The normal spine, when viewed from behind, appears straight throughout its entire length. However, when one looks at the spine from the side, there are two visible curvatures. There is a gentle rounding of the upper back from the shoulders to the bottom of the ribcage known as thoracic kyphosis and an opposite curve in the lower back known as lumbar lordosis. These two opposite curvatures of the spine are necessary in the normal spine to balance the trunk and head over the pelvis.
A normal thoracic spine extends from the 1st to the 12th vertebra and should have a slight kyphosis ranging from 20o to 45o. When the "roundness" of the upper spine increases past 45o it is called "hyperkyphosis". Scheuermann's kyphosis is the most classic form of hyperkyphosis and is the result of wedged vertebrae that develop during adolescence. The cause is not currently known and the condition appears to be multi-factorial and is seen more frequently in males than females.
The increased thoracic kyphosis which occurs in Scheuermann's is a rigid deformity. Unlike postural kyphosis, it does not correct when the patient is asked to stand tall or when the patient is asked to bend forward. It is a structural kyphosis that occurs when the front sections of the vertebrae grow slower than the back sections. This results in wedge-shaped vertebrae rather than rectangular shaped vertebrae that line up well (Figure 1). This occurs during a period of rapid bone growth, usually between the ages of 12 and 15. The abnormal kyphosis is best viewed from the side in the forward-bending position where a sharp, angular abnormal kyphosis is clearly visible.
Patients with Scheuermann's disease often present with poor posture and complaints of back pain. Back pain is most common during the early teenage years and in most instances will decrease as they approach adulthood. The pain rarely interferes with daily activity or professional careers. Patients with postural kyphosis have no abnormalities in the spinal vertebrae. However, patients with Scheuermann's kyphosis demonstrate asymmetrical growth of several vertebrae which causes a sharp, rigid angular kyphosis. (Figure 2)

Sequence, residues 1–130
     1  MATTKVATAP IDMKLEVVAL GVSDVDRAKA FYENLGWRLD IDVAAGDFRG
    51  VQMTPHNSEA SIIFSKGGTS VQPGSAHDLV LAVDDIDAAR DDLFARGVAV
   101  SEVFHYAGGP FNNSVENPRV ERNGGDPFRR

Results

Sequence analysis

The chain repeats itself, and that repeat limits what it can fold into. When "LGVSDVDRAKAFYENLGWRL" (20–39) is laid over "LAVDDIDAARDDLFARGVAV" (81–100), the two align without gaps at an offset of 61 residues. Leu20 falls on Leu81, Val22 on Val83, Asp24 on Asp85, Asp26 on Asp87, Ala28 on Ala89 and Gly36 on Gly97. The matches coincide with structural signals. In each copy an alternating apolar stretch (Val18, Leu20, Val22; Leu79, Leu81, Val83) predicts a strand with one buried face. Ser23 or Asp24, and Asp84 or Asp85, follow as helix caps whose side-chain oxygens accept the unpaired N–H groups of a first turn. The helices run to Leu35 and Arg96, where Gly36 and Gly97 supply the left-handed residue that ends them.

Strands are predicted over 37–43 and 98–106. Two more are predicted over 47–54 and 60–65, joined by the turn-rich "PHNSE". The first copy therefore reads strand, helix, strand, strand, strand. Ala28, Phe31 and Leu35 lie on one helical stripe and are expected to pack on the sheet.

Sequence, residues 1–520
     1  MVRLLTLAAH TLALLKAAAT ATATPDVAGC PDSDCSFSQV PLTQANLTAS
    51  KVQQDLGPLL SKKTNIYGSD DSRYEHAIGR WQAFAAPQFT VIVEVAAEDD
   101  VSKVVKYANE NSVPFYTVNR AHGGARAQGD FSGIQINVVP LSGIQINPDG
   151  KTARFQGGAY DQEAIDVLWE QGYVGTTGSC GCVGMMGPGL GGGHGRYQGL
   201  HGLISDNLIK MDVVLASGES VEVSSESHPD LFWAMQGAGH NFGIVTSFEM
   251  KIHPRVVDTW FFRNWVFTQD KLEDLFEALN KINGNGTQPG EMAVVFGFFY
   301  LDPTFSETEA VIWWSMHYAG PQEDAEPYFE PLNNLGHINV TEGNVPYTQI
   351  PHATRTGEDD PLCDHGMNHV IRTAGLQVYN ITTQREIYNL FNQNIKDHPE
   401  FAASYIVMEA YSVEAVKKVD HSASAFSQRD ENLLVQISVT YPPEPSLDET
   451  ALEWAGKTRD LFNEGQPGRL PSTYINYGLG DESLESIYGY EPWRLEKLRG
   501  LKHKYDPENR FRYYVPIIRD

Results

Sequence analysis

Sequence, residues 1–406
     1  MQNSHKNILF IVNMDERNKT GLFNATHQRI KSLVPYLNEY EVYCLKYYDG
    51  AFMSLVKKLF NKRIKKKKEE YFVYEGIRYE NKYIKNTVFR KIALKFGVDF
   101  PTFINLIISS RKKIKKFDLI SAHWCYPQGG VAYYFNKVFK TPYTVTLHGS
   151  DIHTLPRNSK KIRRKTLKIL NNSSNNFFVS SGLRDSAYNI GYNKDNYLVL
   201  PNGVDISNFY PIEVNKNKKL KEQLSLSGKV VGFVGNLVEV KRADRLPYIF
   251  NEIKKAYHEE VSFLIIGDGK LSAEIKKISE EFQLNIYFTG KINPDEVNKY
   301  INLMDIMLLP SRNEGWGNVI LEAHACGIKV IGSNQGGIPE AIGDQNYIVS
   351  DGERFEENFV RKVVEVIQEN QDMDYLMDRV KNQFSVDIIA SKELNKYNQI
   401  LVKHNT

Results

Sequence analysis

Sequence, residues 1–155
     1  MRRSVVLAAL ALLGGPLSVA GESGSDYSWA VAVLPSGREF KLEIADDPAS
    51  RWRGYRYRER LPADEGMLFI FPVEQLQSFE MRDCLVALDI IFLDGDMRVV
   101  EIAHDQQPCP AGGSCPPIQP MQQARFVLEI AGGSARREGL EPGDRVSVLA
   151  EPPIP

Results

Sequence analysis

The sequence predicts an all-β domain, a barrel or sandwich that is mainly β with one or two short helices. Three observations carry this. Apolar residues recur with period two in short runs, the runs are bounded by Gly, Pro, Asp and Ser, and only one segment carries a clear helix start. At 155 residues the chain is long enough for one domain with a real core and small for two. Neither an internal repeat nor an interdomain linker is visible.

The kyphotic deformity that develops with growth frequently remains mild and requires only periodic x-rays. When the deformity is moderately severe (55o-80o) and the patient remains skeletally immature, brace treatment in conjunction with an exercise program is the recommended treatment.
Full time use of a brace (20 hours/day) is usually required initially until maximum correction has been achieved. The brace fit must be regularly evaluated and adjusted to ensure optimal correction. During the last year of treatment prior to skeletal maturity, part time brace wear (12-14 hours/day) may be proposed. Brace wear must be continued for a minimum of 18 months in order to maintain a significant, permanent correction of the deformity. (Figure 3)
When the kyphotic deformity has become severe (greater than 80o) and the patient is often experiencing increased back pain, surgical treatment may be recommended. Surgical intervention allows significant correction to be achieved typically without the need for postoperative bracing. Patients are usually able to return to normal daily activities within 4-6 months following surgery. The correction achieved from surgical intervention is remarkable. (Figure 4)
In most cases, Scheuermann's kyphosis is non progressive and only requires observation and exercise. Others may require bracing until skeletal maturity. However, the more severe (greater than 80o) curves may require surgery.